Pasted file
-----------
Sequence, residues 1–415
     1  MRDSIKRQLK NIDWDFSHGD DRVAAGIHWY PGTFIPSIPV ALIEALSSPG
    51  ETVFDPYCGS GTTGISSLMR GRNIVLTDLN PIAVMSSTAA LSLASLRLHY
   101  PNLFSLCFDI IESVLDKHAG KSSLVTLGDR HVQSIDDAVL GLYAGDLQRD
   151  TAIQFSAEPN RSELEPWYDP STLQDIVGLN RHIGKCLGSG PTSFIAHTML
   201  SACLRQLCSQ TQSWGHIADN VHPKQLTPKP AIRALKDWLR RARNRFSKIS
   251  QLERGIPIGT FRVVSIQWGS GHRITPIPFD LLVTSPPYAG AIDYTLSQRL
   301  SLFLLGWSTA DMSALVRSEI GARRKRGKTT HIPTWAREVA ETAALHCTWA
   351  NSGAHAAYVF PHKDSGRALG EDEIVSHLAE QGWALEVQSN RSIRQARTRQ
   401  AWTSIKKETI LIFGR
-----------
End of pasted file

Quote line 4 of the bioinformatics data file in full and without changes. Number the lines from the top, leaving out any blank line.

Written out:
   101  PNLFSLCFDI IESVLDKHAG KSSLVTLGDR HVQSIDDAVL GLYAGDLQRD